Getting the most out of WordPress custom fields

WordPress custom fields are a pretty nifty idea that can allow you to add custom content to individual posts, outside of the standard content area. Most examples on how to implement custom fields show fairly innocuous uses, just inserting little strings of text in various locations. However, by populating the custom field with wonderfully portable JSON, it’s possible to perform much more complex and powerful actions on individual posts and pages.

A basic overview of how custom fields work can be found on the WordPress Codex. What you’ll see if you read through it is that custom fields work as essentially a two-level array. The first level is the array of all the meta keys associated with a particular post, and at the second level each key stores an array of values associated with that key. This structure allows quite a bit of flexibility, but I wanted to be able to build objects with dynamic depth without the built in two-level limitation.

If you’re comfortable with JSON syntax, this goal becomes surprisingly easy. Simply pass a well formed JSON string as your custom field value, retrieve it in the PHP of your theme files, and use json_decode() to convert the string to a generic PHP object. With that setup, you can pass custom field values with a virtually unlimited amount of metadata attached.

How I use it on this site

I started using the method described above on this site to get the “Downloads” sidebar widget working the way I wanted it (examples: single post, blog/archive page). I wanted to be able to specify the following things on each individual post:

  • An unlimited number of associated downloads
  • Custom display text and URL for each
  • A boolean representing whether the link should display on blog/archive pages as well.

To do this, I use a JSON string that defines two-levels of depth (for those of you keeping score at home, that means we now get four total levels out of each custom field). The first level is simply a count of each download defined for that particular post. So far I haven’t needed more than one, but I want the option to expand to be there. Within each of those items, I define three properties, the display text, the URL, and the blog/archive boolean. The result for the example post linked above looks like this:

Display on an individual post

Displaying the custom data within a post’s page is pretty easy. Just edit your theme’s single.php file (or its equivalent, if your theme calls it something else) and make the call to get_post_meta() wherever you need it. In my case, I don’t want to display the “Downloads” widget at all if there’s no downloads associated with that post, so first I check to make sure that get_post_meta() doesn’t return empty, then insert the necessary HTML.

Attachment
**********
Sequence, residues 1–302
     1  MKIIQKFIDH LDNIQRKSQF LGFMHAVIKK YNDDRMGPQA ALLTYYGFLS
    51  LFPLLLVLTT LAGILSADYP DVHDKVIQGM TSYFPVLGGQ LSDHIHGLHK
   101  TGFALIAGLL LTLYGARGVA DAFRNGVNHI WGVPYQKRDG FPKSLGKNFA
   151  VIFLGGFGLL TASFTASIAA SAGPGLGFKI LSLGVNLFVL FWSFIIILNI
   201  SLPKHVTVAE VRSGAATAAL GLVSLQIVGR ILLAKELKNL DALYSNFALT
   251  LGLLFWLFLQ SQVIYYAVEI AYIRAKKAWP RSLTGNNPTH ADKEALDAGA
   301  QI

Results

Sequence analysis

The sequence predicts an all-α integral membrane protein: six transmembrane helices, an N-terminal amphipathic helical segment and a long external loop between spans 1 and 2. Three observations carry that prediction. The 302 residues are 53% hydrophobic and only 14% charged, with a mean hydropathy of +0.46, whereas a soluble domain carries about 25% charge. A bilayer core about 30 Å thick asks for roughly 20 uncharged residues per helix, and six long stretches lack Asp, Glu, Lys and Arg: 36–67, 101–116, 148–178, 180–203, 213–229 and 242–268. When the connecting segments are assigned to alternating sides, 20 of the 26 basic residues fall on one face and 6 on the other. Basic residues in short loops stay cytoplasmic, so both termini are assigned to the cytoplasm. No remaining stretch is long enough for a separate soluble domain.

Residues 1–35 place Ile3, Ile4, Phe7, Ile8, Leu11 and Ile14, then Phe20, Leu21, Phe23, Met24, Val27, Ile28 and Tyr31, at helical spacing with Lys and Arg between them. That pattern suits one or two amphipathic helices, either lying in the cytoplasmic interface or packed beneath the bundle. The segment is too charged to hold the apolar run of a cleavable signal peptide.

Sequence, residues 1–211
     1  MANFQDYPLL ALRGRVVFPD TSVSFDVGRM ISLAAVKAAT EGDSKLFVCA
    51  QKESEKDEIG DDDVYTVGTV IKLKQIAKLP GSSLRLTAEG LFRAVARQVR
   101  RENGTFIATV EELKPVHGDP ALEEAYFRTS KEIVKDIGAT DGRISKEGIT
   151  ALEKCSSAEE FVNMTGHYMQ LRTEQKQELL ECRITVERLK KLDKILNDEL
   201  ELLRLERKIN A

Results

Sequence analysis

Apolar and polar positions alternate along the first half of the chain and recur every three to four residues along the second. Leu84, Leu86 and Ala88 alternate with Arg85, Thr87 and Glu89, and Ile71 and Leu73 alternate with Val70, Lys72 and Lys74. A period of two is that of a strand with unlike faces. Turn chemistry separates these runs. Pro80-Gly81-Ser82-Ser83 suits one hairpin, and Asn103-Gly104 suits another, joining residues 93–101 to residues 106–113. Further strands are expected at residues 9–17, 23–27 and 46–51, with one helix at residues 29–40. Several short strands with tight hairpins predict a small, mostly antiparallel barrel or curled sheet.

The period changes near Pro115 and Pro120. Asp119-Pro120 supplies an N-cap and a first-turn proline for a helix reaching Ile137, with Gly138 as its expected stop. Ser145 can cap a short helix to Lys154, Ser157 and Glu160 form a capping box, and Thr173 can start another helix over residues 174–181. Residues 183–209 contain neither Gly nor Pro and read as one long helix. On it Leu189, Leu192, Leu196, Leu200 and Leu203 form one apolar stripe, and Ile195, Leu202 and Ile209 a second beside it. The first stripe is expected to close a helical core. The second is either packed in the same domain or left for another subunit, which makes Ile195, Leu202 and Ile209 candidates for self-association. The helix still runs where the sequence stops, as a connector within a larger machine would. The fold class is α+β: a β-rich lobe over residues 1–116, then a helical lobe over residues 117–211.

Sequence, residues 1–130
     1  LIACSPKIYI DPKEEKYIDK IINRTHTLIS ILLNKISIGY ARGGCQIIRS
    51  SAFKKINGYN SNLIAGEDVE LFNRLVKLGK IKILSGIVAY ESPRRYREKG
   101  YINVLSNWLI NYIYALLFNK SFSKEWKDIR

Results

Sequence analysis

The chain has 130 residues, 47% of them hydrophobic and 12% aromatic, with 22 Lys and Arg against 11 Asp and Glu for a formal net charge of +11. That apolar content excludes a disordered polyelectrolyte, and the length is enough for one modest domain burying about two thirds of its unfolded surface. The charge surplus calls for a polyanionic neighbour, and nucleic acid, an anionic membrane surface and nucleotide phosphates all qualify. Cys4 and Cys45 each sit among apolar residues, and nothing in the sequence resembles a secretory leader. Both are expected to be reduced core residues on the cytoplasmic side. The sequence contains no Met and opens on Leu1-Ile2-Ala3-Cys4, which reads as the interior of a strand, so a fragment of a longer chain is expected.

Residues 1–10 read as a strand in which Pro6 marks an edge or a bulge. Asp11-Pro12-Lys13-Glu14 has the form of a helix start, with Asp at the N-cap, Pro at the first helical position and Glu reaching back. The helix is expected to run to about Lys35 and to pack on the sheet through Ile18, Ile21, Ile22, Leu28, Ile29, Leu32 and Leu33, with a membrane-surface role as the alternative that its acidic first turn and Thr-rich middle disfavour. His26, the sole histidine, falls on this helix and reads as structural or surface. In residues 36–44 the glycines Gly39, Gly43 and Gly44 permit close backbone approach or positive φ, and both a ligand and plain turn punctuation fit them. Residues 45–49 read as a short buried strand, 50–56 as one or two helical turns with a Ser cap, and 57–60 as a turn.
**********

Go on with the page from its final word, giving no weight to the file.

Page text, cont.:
Display on a blog/archive page

Using custom fields from posts on archive pages which contain them is a little trickier, but still very doable. The first thing you need to do is collect the IDs of every post included on the page. I did this by creating an array and adding to it with every iteration of The Loop.

Once The Loop ends and we have all the post IDs, we can create an array of custom field values from each post.

Now we have our array, but it probably contains some empty items since not every post is going to contain a value for the custom field. To filter those items out, I created a new array, and moved only items with a value into it.

At this point all the items in the array will have a value, but we still don’t know if they should be used on this page. Each download object has a property called ownPageOnly that will be set to “false” if it should display here, “true” if it shouldn’t. I filtered out these items in two separate steps. First I made sure that each post left in my $downloadsArray had at least one item that was set to “false.”

After that we can be sure that if the $downloadsArray is not empty then there must be at least one download item that should be inserted into the page. So we create the widget HTML exactly the same way as was done in the individual post, and only change PHP script inside the <ul> tag. The adjustments are necessary because:

  • Each download object is now a member of a parent array, adding another layer of depth to loop through
  • We still need to check each item to make sure “ownPageOnly” is set to “false”

This all combines to create a pretty seamless system where the values that I specify as a custom field in each post are propagated throughout the site, wherever the post is used. I think it would be possible to duplicate this behavior while staying within the standard functionality of WordPress custom fields, but that approach would have felt cumbersome and unwieldy to me, whereas this feels intuitive and the way data should be handled. I’m also reasonably confident that this approach opens the door to a whole world of possibilities that are not available if you just treat the values of custom fields as strings.

Tagged with: ,
Posted in HTML & CSS, PHP, Server Side Code, WordPress
One comment on “Getting the most out of WordPress custom fields
  1. mark2013 says:

    Hi Ben, that is a really innovative way to use custom fields! I also like your post on the Ajax database form; that’s inspired.

    Good work, hope you get the rest of the site template sorted 😉

Leave a Reply

Your email address will not be published. Required fields are marked *

*